Hippos have gray or brown skin with a reddish-pink sheen. They also release a liquid known as blood sweat that turns them red. And there’s a myth that hippo milk is pink. But are all these facts true? Let’s learn some logical information about what color a hippo is.
What Color is a Hippo
Gray-brown pink is the most common hippo color. The top part of the bodies is purple to blue-black, while their underbelly and the area surrounding their eyes are brownish pinks.
The skin of hippos is almost entirely hairless. On the tail, however, there are short hairs. When they are dried, a particular gland covers their skin, causing them to turn into an unnatural red color.
What Color is a Pygmy Hippo
The top layer of a pygmy hippo’s skin is greenish-black, which helps them stay cool in the humid rainforest. However, this delicate skin causes them to be dehydrated quickly in the sun. When they get hydrated, a pink fluid comes out of their body that makes them look shiny and wet.
Do all Hippo Colors are Same?
The smooth, almost hairless skin of pygmy hippos is greenish-black on top, greyish-white on the sides, and greyish-white underneath.
On the other hand, the common hippopotamus skin is purplish-grey to blue-black, with brownish-pink skin on the lower body and around the eyes.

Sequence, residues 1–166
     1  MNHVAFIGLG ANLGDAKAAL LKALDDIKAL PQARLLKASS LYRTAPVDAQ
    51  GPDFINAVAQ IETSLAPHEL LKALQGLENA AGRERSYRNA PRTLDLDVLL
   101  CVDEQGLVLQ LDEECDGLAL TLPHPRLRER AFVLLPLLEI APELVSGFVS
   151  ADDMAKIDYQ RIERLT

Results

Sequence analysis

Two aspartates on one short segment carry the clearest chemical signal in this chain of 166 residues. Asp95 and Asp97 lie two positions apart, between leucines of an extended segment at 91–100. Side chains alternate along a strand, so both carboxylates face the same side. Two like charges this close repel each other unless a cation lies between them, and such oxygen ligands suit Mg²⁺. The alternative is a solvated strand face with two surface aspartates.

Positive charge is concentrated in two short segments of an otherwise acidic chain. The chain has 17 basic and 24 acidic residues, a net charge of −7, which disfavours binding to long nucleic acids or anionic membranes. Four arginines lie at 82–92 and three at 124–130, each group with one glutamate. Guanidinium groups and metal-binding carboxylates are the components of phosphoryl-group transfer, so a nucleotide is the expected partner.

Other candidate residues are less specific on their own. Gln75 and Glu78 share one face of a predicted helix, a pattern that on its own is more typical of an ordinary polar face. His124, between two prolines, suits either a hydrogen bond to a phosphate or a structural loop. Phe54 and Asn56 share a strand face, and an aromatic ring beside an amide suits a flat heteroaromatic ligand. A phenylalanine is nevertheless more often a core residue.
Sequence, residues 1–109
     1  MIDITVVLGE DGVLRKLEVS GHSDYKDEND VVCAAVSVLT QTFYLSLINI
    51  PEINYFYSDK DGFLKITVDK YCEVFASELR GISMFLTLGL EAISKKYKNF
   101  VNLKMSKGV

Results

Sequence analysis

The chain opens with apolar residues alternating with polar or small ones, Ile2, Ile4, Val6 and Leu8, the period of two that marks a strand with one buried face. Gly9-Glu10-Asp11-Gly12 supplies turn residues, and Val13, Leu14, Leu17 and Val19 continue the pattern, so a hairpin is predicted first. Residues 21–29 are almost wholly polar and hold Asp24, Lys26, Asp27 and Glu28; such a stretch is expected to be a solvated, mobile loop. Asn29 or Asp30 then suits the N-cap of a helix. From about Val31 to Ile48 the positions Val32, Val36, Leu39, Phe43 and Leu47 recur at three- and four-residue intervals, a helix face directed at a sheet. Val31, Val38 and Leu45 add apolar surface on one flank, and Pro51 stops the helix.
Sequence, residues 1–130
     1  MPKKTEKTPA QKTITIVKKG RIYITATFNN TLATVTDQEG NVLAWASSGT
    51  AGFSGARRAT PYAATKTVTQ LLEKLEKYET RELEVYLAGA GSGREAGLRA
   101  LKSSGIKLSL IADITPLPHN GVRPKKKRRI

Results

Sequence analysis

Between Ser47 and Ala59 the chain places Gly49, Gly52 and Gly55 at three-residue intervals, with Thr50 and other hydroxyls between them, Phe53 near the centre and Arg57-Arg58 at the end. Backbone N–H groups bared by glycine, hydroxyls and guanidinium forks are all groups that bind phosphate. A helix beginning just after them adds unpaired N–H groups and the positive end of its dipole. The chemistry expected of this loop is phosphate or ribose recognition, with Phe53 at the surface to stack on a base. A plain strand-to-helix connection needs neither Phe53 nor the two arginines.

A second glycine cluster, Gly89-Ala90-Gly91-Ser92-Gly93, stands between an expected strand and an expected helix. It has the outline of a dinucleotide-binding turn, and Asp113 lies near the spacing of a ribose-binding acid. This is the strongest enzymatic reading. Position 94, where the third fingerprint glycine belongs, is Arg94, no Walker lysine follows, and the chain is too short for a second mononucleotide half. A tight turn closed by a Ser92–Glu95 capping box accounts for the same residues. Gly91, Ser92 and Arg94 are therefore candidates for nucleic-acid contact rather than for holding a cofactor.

Therefore the answer is no. Not all the hippo colors are the same.
Is Hippos Milk Pink
Hippo milk isn’t pink, although it was the subject of a lot of debate a few years ago.
The liquid released by hippos, known as blood sweat, gets mixed with the milk of a nursing young hippo. This combination turns the milk color pink, and humans assume it as pink milk.
It’s also plausible that a baby hippo covered in milk excreted the oily substance, which would have colored it pink. So, the rumor is untrue.
Hippos typically appear with the combination of gray-brown color with the pink antiseptics that their bodies release. And they do not sweat blood nor produce pink milk.
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